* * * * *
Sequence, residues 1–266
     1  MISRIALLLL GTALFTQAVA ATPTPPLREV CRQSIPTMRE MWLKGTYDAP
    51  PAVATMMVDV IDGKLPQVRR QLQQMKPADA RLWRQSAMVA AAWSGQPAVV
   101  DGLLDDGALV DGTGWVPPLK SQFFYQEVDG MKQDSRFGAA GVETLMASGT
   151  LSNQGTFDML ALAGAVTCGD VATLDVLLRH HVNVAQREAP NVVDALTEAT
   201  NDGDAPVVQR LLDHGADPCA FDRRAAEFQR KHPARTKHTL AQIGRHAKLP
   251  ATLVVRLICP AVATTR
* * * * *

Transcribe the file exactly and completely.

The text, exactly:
Sequence, residues 1–266
     1  MISRIALLLL GTALFTQAVA ATPTPPLREV CRQSIPTMRE MWLKGTYDAP
    51  PAVATMMVDV IDGKLPQVRR QLQQMKPADA RLWRQSAMVA AAWSGQPAVV
   101  DGLLDDGALV DGTGWVPPLK SQFFYQEVDG MKQDSRFGAA GVETLMASGT
   151  LSNQGTFDML ALAGAVTCGD VATLDVLLRH HVNVAQREAP NVVDALTEAT
   201  NDGDAPVVQR LLDHGADPCA FDRRAAEFQR KHPARTKHTL AQIGRHAKLP
   251  ATLVVRLICP AVATTR